Some immune-based therapies take the brakes off T cells, but vaccines are more like stepping on the accelerator, boosting T cells’ ability to recognize and kill cancer cells. Personalized vaccines designed to target each patient’s particular tumor type have shown promising activity in people with melanoma in two small studies.
Researchers at the Dana-Farber Cancer Institute in Boston and the University of Mainz in Germany used gene sequencing to identify the unique set of protein markers expressed on a tumor to produce an individualized vaccine for each patient. These so-called neoantigens make good targets because they’re not found on healthy cells.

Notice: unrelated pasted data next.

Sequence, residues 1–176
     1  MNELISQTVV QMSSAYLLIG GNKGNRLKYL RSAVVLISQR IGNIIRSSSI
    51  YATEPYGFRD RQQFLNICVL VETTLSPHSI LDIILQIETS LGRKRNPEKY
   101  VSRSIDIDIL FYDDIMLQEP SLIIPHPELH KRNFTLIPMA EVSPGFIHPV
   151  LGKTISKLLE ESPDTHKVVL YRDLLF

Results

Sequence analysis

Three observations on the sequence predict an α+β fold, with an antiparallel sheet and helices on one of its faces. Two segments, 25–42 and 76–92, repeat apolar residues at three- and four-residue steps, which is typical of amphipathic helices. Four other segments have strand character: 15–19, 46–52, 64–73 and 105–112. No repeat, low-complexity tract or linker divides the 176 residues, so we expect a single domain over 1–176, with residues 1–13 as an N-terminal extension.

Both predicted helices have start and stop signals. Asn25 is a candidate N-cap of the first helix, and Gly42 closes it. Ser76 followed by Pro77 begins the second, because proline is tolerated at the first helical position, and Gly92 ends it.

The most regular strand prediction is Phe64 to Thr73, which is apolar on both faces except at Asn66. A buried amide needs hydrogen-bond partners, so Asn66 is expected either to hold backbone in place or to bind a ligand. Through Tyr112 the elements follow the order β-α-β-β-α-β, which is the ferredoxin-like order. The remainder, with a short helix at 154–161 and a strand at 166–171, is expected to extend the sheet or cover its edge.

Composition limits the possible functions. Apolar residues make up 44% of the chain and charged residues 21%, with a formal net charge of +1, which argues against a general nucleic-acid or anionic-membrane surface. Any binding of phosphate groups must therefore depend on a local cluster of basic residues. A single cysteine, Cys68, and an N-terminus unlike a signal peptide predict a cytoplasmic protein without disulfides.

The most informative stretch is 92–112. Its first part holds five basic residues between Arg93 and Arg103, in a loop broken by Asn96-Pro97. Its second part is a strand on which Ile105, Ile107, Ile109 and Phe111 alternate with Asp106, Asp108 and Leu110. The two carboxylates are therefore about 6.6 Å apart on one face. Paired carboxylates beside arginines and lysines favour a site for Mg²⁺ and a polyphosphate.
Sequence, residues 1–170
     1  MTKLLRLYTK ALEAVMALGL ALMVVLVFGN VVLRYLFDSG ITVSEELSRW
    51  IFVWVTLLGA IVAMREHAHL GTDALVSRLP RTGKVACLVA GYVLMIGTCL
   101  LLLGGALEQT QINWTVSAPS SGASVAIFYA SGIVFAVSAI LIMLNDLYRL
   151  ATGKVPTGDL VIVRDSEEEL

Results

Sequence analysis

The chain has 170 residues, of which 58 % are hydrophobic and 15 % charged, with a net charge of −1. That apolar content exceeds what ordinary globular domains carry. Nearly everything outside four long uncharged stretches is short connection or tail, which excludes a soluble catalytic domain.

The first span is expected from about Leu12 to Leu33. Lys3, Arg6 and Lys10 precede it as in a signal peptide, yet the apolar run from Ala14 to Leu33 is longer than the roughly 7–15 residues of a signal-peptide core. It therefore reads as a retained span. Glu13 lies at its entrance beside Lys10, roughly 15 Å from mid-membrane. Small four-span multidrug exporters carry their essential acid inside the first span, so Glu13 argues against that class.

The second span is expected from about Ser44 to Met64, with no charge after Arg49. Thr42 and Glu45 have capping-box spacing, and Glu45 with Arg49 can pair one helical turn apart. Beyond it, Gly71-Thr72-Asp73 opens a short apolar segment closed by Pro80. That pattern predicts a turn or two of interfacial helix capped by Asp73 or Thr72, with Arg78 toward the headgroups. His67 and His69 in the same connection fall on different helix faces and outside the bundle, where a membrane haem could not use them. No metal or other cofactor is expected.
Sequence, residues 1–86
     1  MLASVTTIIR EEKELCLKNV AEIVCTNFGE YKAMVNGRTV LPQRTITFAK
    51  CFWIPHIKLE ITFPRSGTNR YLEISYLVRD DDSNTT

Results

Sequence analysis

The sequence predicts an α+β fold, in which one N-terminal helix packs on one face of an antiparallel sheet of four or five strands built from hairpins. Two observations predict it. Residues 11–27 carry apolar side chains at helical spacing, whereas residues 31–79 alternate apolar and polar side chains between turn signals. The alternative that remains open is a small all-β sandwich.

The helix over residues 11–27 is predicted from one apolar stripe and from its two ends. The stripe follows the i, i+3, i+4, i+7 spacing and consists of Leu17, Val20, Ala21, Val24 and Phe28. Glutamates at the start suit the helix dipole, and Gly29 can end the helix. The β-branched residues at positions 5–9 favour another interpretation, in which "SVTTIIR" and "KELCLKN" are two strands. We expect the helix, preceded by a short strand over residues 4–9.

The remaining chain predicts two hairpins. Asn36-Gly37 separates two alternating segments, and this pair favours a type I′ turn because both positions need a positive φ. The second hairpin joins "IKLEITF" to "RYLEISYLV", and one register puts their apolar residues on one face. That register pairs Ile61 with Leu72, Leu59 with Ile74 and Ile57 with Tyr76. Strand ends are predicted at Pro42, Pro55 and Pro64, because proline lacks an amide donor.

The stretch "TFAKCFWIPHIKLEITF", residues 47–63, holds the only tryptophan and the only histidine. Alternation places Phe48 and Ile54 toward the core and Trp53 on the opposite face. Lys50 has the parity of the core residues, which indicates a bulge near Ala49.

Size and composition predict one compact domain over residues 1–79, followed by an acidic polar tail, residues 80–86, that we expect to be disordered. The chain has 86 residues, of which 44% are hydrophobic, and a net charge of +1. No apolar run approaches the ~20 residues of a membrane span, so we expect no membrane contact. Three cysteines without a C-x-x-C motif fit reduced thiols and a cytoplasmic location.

One study enrolled six patients whose melanoma tumors were surgically removed but who were at high risk for recurrence. Four people were still free of cancer 25 months after vaccination. The other two had recurrent disease but achieved complete remission after adding Keytruda (pembrolizumab), a checkpoint inhibitor, suggesting that the greatest benefits may come from combining vaccines with other types of immunotherapy.